Two years pass , annual TB tests comming back negative, then one night while out lamping foxes we, spot a badger rooting around. This confirmed the rumours about badgers moving into the area. A few months pass and it's testing time again. This time we have two confirmed "reactors" and one "inconclusive", all of which were due to calf within 30 days. This means the reactors have to be distroyed on farm by a ministry slaughterman and the inconclusive has to be segregated and retested.

    It is heartbreaking to watch animals you work with everyday and have got attached to being killed with a captive bolt, then "pithed" (this is where the slaughterman inserts a blue plastic, barbed rod, about two foot long through the bolt hole and rams it down the spinal colum). You are then treated to the sight of the animals being winched up into the lorry. So on the one test we lost the equivilent of 4 cattle, and received only a minimal payment for them.

    Because we were now an "infected herd", all cattle movements were banned, so we couldn't earn any money, plus you are automatically put on shorter testing periods. Later testing produced more reactors, including one cow, who was my favourite of the herd, they all have individual personalities and you do get attached to them. There was no way I was going to let some stranger finish her off, so after a heated discussion with the ministry slaughterman, I shot her, but there was no way I could stand there to see her pithed and dragged into a lorry.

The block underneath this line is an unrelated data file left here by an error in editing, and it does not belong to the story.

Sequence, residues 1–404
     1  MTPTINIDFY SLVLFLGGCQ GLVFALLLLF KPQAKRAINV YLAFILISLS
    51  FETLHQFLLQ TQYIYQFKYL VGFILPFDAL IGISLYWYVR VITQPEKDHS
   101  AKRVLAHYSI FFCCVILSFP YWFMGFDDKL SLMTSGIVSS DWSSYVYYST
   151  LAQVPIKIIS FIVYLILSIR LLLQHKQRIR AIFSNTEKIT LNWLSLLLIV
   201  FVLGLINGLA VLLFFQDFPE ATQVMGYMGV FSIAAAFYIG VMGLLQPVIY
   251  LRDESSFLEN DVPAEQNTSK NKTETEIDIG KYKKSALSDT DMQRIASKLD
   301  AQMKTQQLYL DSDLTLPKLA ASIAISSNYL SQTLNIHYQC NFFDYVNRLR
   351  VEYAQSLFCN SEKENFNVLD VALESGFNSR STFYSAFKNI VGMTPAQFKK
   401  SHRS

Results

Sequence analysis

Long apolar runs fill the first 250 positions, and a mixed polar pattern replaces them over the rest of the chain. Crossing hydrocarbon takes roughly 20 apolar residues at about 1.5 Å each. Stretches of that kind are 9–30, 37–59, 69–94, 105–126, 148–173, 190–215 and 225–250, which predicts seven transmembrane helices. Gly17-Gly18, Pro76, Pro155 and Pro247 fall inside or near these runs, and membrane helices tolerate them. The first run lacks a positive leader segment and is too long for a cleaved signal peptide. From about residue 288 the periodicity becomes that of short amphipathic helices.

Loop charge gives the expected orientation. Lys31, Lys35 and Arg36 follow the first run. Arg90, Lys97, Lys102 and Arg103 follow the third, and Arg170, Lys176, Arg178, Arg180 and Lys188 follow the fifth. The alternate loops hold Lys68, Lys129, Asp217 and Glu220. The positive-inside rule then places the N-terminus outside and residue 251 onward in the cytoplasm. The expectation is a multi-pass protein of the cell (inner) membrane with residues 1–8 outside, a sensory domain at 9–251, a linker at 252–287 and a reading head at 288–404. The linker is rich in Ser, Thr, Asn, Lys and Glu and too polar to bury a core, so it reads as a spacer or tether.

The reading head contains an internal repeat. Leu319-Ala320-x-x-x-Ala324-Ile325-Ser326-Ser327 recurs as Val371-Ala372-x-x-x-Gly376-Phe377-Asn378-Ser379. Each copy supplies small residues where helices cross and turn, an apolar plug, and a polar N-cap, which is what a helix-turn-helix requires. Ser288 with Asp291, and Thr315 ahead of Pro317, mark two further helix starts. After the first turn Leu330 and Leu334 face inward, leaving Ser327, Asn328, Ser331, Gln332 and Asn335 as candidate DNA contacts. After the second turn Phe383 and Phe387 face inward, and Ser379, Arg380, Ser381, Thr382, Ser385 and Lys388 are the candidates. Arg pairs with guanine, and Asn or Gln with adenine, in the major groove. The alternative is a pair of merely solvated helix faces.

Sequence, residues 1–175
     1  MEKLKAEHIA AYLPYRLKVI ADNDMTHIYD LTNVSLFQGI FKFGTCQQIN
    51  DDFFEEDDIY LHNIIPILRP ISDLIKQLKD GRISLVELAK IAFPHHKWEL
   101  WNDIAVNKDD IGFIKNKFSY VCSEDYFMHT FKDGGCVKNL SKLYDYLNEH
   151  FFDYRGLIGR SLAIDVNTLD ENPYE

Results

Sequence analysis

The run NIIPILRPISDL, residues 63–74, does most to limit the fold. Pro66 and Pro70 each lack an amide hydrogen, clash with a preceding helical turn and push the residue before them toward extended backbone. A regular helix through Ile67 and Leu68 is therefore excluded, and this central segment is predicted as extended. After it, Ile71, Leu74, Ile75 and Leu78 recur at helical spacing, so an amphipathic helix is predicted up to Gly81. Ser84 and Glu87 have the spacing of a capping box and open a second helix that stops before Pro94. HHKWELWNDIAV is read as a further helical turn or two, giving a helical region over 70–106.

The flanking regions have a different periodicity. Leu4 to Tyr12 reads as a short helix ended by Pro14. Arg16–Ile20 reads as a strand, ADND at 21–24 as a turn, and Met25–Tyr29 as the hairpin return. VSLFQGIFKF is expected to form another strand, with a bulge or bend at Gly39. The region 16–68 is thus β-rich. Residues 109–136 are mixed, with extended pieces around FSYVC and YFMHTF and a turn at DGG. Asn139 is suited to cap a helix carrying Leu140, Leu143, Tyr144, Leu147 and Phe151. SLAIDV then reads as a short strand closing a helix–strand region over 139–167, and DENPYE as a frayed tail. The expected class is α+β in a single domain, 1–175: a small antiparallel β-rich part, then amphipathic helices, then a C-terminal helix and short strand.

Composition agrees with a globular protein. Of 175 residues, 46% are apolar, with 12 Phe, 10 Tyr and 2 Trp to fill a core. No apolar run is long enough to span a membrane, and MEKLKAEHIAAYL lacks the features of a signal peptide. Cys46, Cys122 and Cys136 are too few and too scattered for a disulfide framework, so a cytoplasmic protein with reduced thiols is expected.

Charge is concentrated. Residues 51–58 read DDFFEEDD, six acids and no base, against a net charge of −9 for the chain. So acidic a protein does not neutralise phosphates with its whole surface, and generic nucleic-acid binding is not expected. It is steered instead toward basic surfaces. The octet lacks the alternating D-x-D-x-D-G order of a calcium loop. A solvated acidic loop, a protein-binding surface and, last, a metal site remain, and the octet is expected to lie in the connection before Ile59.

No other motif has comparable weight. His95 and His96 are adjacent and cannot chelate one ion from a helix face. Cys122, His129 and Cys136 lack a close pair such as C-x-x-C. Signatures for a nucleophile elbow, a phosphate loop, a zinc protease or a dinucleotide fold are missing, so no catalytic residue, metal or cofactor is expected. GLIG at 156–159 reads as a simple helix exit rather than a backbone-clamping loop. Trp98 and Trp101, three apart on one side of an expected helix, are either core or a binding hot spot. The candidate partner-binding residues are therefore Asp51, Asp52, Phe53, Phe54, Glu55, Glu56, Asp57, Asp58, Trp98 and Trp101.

You make your mind up if there's a link between badgers and TB.

    It's been some time since I left that farm, but I still think of the cows and calves that we lost.

  8. #8
    Ive seen it first hand unfortunateley, Used to work in the slaughterhouse whey back when I was 17 , you would have processed about 70 cows into sides of beef in the morning , I couldn't help wondering why most of them were carrying young! Then I was told why!

  9. #9
    I know I've already posted this link in a similar thread but please spread the word about this site which has the facts about bTb rather than the guff spouted by Brian May eat al Learn all about bovine TB in cattle and badgers | TB Free England - TB Free England


    As the above posts so painfully illustrate it is so important for the cattle industry that we get back on top of this disease.

    cheers

    ​penyard

  10. #10
    I'd just like to thank the preceding posters for the honesty and frankness in recounting their experiences. "Dear BBC, I thought you might be interested in the experiences of real people who live and work in the countryside, just to balance against the propaganda of the uninvolved".